It’s scary every time. In both Ant-Man and Ant-Man and the Wasp, the first scene features these younger characters, and you don’t want to alienate the audience in the very first scene of your movie. And stupidly, I chose to do it on three of the most recognizable actors in movies: Michael Douglas, Michelle Pfeiffer, and also in this movie, Laurence Fishburne. Moviegoers all know what they looked like 30 years ago, and they’re going to come at it with a hypercritical eye.

When I interviewed you for the first Ant-Man, Paul Rudd had gone off to film Captain America: Civil War, and you joked, “It’s like your girlfriend broke up with you and now she’s going out with this very high-profile guy.” What was it like when you actually saw the movie?
The first time I saw an early cut of Civil War, I was still extremely jealous. It was like watching your girlfriend make out with someone else! [Laughs.] But I was also struck, narratively, that we would have to address those events in the next Ant-Man, and my mind immediately went to, “What do Hank Pym and Hope Van Dyne think of this? He took the suit without asking and went off and fought with the Avengers? They’re gonna be pissed!” And that very quickly led us to the jump-off point of Ant-Man and the Wasp, where it’s about this partnership between these two heroes but they could be estranged in the beginning. It made sense on a technical level and an emotional level, and it was a real narrative gift.

Were you excited by how much audiences responded to the character in Civil War? I remember watching it and thinking, wow, this is gonna make anticipation for the Ant-Man sequel even bigger.
So many more people saw Civil War when it was released than saw Ant-Man, so it really kind of expanded his fanbase, but it also said to me that audiences accept Paul as an action hero. When we were making the first movie, he had never played that kind of character, and in the first half of that in particular, we played Paul more as the laconic straight man. After seeing Civil War, we really felt like we could let Paul cut loose and be funnier than he is in the first movie, and that’s something Paul and I talked about from the beginning.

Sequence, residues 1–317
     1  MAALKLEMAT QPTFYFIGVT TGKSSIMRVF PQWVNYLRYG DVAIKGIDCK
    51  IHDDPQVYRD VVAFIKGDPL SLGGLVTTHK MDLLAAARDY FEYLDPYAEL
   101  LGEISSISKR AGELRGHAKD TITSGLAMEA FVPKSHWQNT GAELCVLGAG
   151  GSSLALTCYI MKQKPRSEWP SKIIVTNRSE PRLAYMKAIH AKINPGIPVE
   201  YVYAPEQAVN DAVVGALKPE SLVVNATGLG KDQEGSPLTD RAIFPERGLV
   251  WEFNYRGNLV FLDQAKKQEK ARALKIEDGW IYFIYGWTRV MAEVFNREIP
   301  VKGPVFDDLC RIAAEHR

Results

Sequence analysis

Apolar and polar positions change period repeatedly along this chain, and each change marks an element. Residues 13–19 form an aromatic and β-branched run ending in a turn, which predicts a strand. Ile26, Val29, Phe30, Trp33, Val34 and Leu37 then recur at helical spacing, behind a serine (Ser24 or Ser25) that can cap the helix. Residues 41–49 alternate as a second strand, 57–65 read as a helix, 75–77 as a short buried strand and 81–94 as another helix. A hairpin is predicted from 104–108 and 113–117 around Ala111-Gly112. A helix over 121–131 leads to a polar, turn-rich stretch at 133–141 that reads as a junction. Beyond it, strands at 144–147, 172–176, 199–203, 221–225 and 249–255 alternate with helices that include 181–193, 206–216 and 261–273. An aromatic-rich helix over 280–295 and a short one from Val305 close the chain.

And now that Ant-Man is presumably going off to appear in the fourth Avengers movie, have you decided to embrace polygamy?
It’s bittersweet. I’m resigned to the fact that my girlfriend just cheats on me constantly now. I’m a cuck! I’m a Marvel cuck.

I mean, there’s the headline right there.
Oh no. What have I done to myself? [Laughs.]

Final thing: I wrote a piece recently ranking the gayest Marvel movies, and …
Oh, was that the thing Taika posted? I love me some Taika Waititi, he is the greatest. Well hopefully if ours isn’t the gayest, it’s the second gayest Marvel movie. Because Thor: Ragnarok, he went all in, man.

Can you make the case for Ant-Man and the Wasp? Should it be high up on the list? What have you got to offer?
I will make the case for shirtless Paul Rudd in a bathtub, or just straight-up Paul Rudd, generally. I’ll make the case for Evangeline Lilly, Michelle Pfeiffer’s hair and wardrobe …

The feathered hair on Michelle Pfeiffer is a look!
I’ll make the case for the very thought-out color palette, and the giant Hello Kitty Pez dispenser. Oh my God, and a Partridge Family music cue! Come on! If you see the movie and you think it’s almost as gay as Ragnarok, I would love it.